Date of Award


Degree Name

Communication Studies


College of Liberal Arts

Type of Degree


Document Type


First Advisor

Bertram W. Gross

Second Advisor

William Denman

Third Advisor

Edward Woods

Fourth Advisor

Leonard J. Deutsch


Presidential rhetoric has become an important field of study for scholars. Political scientists as well as communication researchers have long been interested in the role of presidential speech. Particularly in the mass media age, what presidents say has a great influence on our nation’s domestic and foreign affairs (Ceaser, Thurow, Tulis, & Bessette, 1981). Presidents can communicate directly with the public using radio and television, and their words can be carried via journalists to the public through a variety of newspapers, magazines and other media outlets. The purposes of this presidential rhetoric are many: to inform the public of policy initiatives, to persuade the public to support these policies, and often to engender support for military action in foreign lands (Bostdorff, 1994; Campbell & Jamieson, 1990; Cherwitz & Zagacki, 1986; Stuckey, 1995; Stuckey & Antczak, 1998; Windt, 1983). Presidents use the mass media to appeal directly to the American public in order to announce or justify military action in times of crisis — so much so that scholars have labeled “crisis rhetoric” as a specific genre of presidential discourse. From the end of World War II until the 1990's, the Cold War between the United States and the Soviet Union served as an important factor in presidential crisis rhetoric (Ivie, 1997; Kane, 1991; Medhurst, 1997; Scott, 1997; Wander, 1984/1997).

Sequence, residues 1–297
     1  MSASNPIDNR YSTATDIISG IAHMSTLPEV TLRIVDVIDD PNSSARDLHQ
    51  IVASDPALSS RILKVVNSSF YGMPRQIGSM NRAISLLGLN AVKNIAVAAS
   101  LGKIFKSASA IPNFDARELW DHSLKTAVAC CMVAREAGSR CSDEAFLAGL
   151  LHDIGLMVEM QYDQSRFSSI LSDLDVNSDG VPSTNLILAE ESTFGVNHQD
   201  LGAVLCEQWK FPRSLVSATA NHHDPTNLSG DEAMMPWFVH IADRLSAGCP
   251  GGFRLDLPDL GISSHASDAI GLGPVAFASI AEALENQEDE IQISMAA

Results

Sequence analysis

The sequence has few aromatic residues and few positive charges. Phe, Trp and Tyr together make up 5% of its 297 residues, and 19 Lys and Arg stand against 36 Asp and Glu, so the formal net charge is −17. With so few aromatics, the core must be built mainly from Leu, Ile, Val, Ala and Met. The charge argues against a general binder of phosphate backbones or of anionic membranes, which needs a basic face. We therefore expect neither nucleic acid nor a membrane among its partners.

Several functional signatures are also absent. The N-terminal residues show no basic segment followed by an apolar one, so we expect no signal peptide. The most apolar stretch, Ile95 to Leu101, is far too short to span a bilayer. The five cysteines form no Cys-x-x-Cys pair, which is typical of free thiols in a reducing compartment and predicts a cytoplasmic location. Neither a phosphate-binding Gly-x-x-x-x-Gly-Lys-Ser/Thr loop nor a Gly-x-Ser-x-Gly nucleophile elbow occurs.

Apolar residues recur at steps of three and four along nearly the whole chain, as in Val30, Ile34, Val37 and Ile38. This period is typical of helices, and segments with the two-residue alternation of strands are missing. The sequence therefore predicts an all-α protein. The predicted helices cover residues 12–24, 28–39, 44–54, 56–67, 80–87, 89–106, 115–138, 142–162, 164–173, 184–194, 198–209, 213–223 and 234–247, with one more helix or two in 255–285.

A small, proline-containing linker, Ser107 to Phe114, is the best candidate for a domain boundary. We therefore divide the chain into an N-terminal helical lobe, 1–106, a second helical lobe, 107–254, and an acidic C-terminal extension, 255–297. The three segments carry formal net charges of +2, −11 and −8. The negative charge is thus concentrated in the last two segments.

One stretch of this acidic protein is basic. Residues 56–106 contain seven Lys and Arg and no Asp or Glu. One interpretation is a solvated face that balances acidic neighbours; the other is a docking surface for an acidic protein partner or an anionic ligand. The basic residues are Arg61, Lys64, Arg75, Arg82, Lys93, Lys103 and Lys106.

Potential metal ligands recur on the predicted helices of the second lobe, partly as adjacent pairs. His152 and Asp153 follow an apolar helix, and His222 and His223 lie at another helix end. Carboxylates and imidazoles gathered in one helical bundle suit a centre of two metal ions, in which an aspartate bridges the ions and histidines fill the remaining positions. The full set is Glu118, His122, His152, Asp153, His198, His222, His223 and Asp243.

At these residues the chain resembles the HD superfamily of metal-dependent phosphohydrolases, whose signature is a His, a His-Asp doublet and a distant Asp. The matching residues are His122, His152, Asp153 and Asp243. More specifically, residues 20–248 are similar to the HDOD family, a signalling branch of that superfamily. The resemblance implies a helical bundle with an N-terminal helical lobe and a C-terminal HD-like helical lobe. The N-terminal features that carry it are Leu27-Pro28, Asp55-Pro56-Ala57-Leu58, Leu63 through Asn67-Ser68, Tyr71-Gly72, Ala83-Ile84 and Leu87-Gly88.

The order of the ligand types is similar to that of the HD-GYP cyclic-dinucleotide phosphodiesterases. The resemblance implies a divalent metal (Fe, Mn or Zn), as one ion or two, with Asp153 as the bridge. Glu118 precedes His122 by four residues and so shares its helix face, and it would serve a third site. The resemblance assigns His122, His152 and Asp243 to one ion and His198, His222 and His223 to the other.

Bill Clinton is the first president since World War II who has not had the Cold War as a backdrop against which to paint his vision of foreign policy and military involvement. The fall of the Soviet Union brought about many economic, social and political changes around the world (Cole, 1999; LaFeber, 1994; Stuckey, 1995), and it is therefore important to ask several questions regarding presidential crisis rhetoric. Without the Soviet Union as our arch-rival, how Crisis Rhetoric 2 justified military action in times of crisis? Are there other metaphors or ideological justifications besides the Cold War or the “fight” between communism and democracy? As Clinton’s presidency winds down, scholars can begin to look at his rhetoric and to begin to answer these and other questions. This study looks at President Clinton’s crisis rhetoric from a dramatistic/metaphoric perspective in order to determine what justifications for military action he uses (and other presidents might use in the future) now that the Cold War has ended.


Clinton, Bill –1946- --Foreign relations.

Presidents – United States – Messages.

World politics – 1989-.

War and emergency powers – United States.

Rhetoric – Political aspects.